This, to me, is not about the Jewish people being hated. It is easy to go down that road, but not really my worldview.

Instead, I want to see this as a paradigm. The greater the pressure, the greater the potential for growth.

Let me be clear, not all suffering is the same. I’m not saying, awful things that happen to you, disease, abuse, etc. that there is always a positive outcome or that God planned it that way. That to me is ridiculous, and I’m not saying that.

I am saying that the pressure in our lives forces us to make choices.

Rabbi Bradley Artson, the dean of the Ziegler School, in his theological work around process theology, describes a god that encourages. God whispers to us each and every time we have a choice and encourages us to make the right one. Each opportunity is a turning point.

The pressure in our lives, perceived and real afflictions, provide us opportunities. We can choose to respond to them in hateful, angry, and negative ways, which may be reasonable responses in many cases. Instead, we can respond to them with love, compassion, and empathy.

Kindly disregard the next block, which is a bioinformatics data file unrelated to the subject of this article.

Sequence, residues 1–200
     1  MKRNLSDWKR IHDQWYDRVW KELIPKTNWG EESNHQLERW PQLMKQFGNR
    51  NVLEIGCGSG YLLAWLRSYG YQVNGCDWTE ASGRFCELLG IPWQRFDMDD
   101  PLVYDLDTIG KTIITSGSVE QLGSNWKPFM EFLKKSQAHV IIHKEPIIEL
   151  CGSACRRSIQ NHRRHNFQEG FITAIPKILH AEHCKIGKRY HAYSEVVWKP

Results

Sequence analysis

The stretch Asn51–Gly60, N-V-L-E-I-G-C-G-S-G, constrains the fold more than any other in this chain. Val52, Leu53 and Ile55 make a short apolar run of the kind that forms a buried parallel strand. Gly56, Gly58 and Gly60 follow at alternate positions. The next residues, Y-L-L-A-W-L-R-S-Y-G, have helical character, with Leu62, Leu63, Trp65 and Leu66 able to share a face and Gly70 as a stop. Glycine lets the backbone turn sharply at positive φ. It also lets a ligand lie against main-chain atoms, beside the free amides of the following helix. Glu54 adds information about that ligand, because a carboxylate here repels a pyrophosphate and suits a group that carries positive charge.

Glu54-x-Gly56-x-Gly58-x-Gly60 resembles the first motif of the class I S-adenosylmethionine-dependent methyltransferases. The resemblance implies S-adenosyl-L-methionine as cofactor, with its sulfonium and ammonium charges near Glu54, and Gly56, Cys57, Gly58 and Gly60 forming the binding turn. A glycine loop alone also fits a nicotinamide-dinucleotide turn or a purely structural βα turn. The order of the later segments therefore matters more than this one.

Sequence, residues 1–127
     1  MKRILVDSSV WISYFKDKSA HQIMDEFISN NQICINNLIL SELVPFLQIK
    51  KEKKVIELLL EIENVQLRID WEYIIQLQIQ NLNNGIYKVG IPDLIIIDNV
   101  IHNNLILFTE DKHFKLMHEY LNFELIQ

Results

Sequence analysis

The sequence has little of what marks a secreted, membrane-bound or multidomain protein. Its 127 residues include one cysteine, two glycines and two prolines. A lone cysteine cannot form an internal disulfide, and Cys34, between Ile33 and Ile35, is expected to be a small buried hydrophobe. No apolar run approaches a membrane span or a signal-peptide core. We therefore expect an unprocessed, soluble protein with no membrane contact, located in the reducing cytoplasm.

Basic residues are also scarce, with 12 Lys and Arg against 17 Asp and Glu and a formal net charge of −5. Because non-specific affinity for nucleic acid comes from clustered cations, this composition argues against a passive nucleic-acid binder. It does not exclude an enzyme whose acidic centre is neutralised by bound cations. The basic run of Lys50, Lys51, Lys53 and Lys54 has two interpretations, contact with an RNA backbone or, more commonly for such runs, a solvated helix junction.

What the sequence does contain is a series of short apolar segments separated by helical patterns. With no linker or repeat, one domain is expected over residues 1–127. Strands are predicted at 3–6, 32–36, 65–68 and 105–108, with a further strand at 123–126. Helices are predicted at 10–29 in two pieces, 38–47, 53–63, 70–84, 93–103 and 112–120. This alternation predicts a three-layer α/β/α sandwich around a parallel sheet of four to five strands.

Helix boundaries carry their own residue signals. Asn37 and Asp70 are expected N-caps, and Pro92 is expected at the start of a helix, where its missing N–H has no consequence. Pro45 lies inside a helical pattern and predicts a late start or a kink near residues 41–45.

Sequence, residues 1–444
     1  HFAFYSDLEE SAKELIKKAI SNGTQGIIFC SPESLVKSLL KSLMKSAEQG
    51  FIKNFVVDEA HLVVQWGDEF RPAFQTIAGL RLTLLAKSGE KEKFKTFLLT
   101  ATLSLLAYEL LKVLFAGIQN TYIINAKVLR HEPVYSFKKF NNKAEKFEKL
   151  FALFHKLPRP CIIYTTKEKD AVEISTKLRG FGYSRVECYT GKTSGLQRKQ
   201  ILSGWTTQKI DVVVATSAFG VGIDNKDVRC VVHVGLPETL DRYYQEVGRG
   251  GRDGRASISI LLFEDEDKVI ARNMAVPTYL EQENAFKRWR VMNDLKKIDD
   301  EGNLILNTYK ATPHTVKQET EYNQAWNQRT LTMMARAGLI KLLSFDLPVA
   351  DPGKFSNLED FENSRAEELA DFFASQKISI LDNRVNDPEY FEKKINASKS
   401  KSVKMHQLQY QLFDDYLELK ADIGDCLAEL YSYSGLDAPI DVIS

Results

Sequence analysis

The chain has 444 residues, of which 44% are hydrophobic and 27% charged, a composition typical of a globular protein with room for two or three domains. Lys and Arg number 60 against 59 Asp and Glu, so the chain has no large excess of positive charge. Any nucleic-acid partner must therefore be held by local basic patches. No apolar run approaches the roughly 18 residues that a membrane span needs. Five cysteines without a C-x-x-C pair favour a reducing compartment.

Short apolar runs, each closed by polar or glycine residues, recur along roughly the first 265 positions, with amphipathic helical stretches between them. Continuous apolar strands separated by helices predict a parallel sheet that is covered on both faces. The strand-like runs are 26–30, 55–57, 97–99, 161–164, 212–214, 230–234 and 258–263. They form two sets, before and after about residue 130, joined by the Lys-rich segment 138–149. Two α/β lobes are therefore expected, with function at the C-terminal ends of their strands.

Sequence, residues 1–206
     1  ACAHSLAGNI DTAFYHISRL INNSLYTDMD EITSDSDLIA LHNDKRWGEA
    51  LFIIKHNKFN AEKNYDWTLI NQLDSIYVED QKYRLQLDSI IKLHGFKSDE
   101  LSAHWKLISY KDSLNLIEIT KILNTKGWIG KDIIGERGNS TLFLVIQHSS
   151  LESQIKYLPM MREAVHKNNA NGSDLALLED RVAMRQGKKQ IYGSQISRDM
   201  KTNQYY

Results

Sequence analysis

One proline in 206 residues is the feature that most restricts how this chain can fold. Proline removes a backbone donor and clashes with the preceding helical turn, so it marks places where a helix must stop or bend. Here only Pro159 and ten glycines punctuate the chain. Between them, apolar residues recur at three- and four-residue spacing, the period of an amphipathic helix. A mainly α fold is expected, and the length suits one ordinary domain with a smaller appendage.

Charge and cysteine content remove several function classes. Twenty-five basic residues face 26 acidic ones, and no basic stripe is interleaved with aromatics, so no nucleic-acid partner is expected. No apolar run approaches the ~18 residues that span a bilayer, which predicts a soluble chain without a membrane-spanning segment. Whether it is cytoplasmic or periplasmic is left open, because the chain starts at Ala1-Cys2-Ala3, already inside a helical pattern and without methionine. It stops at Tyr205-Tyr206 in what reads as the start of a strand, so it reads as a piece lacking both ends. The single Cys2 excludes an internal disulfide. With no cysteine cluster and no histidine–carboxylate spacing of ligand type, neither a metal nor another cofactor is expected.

We can use these moments and experiences to make ourselves more sensitive and more attuned to others around us.

Sarah Silverman responded to this pained, angry person and treated them with dignity and love. She encouraged him to find help, tweeted people in his city, and people responded. This person is getting help. This person is being supported now in a way they were not before. If Silverman had ignored it, responded differently, this person would have continued to stew in their hate, fear, and pain.

Sarah Silverman saved this person’s life.

We can be like her, 
we can be like God, 
we can turn negativity into positivity.

Anger into hope
hate into compassion
pain into love.

We can do it every day.

We can make the world a better place. 
We can do it together.

Shabbat Shalom